Obesity: Definition, Causes, Diagnosis, Treatment & More
Obesity: Definition, Causes, Diagnosis, Treatment & More

Obesity: Definition, Causes, Diagnosis, Treatment & More

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  • Published: November 18, 2021
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Causes of Obesity

It is generally caused by overeating (excessive intake of calories) and doing less or no exercise. It is also caused by;
Poor diet –eating fast foods and large amounts of processed or that is high in fat sugar. Obesity condition does not happen abruptly or overnight. It is something that develops gradually over time; this is as a result of unhealthy diet and lifestyle choices, such as eating junk food or fast foods or processed food that has high sugar and fat content, eating foods that lacks in the Western diet like vegetables, whole grains, nuts, and fruits —that helps in weight control, and drinking too many sugary drinks such as fruit juice and soft drinks (Friel & Lichacz, 2010). It is also imperative to note that gain of weight is inevitable if one regularly takes more calories than that they burn.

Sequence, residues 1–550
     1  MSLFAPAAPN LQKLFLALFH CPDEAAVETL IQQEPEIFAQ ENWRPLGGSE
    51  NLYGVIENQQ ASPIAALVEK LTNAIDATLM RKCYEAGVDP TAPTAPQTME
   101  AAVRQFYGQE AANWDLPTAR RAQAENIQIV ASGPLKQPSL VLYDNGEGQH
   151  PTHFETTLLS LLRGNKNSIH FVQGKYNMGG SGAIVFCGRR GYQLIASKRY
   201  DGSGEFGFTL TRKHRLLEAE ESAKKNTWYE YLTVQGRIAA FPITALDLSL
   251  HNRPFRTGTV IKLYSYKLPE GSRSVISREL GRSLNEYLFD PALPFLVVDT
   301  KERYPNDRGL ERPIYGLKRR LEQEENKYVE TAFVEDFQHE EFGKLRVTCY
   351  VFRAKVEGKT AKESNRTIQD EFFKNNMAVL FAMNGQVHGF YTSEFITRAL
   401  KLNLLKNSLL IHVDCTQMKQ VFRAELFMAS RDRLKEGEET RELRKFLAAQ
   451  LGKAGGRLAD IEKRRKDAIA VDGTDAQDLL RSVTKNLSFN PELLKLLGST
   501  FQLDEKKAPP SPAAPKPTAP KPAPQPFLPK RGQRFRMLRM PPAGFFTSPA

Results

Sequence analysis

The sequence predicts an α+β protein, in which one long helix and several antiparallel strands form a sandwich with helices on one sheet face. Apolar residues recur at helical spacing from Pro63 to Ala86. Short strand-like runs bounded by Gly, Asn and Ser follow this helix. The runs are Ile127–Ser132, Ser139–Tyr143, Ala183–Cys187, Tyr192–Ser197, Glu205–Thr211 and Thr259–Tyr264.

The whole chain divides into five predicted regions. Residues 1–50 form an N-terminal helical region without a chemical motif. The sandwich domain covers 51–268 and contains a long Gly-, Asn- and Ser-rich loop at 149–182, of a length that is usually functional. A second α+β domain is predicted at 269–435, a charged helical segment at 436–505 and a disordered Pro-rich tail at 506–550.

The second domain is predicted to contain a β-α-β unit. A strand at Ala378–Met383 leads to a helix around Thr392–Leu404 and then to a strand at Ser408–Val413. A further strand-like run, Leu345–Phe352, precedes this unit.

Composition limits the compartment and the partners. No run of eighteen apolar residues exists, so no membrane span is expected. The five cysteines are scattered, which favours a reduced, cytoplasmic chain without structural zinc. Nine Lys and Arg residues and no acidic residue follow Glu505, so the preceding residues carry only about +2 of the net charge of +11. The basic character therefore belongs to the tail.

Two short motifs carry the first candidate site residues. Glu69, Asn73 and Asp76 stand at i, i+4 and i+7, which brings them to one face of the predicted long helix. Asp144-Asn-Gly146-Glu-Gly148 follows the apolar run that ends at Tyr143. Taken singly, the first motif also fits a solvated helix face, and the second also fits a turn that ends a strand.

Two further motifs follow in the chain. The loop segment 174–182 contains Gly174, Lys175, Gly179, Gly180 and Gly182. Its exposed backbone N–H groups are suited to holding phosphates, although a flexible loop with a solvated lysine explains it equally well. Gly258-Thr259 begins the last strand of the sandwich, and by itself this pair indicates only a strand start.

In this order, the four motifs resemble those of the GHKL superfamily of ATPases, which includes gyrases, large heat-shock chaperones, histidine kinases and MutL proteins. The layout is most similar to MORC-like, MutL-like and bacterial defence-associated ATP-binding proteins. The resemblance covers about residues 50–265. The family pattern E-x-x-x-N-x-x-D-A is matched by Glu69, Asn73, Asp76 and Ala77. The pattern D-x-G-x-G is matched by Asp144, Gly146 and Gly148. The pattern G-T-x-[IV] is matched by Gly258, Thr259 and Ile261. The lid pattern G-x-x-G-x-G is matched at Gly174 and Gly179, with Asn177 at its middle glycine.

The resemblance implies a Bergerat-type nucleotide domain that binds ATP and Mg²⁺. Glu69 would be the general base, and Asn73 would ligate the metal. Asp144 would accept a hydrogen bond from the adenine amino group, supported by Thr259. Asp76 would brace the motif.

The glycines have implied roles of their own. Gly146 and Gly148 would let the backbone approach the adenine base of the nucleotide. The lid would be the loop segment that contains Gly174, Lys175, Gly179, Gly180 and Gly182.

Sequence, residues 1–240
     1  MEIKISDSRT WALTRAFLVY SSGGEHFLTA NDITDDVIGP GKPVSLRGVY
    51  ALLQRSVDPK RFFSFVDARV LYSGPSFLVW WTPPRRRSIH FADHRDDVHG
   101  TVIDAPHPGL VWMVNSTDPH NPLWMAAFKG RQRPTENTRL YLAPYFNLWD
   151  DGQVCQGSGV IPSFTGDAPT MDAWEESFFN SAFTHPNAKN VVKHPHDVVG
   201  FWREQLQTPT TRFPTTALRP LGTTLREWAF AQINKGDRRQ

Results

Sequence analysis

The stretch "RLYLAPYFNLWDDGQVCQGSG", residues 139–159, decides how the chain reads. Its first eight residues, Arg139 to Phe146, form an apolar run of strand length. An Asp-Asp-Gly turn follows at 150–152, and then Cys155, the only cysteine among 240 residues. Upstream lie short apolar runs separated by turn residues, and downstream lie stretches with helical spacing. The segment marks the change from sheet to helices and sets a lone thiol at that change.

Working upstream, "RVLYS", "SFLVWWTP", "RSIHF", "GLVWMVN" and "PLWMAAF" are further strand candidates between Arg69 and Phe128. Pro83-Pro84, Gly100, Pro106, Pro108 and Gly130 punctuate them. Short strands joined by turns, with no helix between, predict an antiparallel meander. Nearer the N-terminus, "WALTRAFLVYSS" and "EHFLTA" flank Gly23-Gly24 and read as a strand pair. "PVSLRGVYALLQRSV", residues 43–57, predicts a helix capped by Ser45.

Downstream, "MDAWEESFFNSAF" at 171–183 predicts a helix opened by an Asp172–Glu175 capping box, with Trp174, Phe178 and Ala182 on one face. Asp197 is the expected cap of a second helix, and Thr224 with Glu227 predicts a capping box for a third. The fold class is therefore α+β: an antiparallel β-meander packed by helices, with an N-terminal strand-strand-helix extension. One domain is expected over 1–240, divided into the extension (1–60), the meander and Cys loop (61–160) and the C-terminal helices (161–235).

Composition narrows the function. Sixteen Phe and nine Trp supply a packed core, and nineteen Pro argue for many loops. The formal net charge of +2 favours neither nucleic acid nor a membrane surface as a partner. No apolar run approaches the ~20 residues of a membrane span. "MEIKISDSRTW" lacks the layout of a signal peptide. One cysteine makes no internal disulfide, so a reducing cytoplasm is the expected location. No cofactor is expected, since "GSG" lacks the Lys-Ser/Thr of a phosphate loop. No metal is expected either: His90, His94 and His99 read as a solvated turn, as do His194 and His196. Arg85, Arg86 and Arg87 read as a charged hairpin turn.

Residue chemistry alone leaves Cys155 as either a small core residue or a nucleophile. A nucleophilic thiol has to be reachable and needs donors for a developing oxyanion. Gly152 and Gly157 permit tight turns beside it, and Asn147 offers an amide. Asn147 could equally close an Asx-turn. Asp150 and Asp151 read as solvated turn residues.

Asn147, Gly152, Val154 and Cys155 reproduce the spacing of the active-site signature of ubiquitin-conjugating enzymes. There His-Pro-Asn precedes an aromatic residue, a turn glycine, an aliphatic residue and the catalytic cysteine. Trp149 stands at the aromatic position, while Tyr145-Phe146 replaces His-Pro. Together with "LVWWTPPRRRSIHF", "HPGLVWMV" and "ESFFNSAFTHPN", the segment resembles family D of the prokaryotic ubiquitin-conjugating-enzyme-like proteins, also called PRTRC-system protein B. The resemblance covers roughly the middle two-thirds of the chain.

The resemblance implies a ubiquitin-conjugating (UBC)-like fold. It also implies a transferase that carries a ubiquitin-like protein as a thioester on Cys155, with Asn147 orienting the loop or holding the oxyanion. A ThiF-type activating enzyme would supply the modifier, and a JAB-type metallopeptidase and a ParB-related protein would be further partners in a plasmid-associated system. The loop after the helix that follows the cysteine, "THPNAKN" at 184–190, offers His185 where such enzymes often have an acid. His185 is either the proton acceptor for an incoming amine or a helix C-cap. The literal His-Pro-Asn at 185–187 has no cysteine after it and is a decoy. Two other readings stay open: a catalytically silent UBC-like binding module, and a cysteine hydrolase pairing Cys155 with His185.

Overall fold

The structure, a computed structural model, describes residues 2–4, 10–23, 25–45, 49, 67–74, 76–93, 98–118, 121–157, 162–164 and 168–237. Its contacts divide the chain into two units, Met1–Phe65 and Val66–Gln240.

Lack of physical activity

This entails just being around without doing any exercise; not involving oneself in any constructive activities such as walking or cycling (Wang et al., 2008). If an individual is not very active, they do not burn as many calories as they sh

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ould. Having such a sedentary lifestyle, one can easily take in additional calories every day than they participate in normal daily activities and doing exercise. Many Americans are not much physically active since many people spend most of their time in front computers doing work, leisure activities and schoolwork, some watching TVs. In fact, spending more than 2 hours a day of viewing TV regularly has been associated with overweight and obesity complications. Additionally, other reasons that make people not to be active include; relying too much on cars instead of walking, fewer physical demands at home or at work contributed by modern technology and conveniences as well as the lack of physical education lessons in schools. If a person is not active enough, they do not utilize the energy that is provided by the food they consume and the extra energy they take in is stored in the body as fat.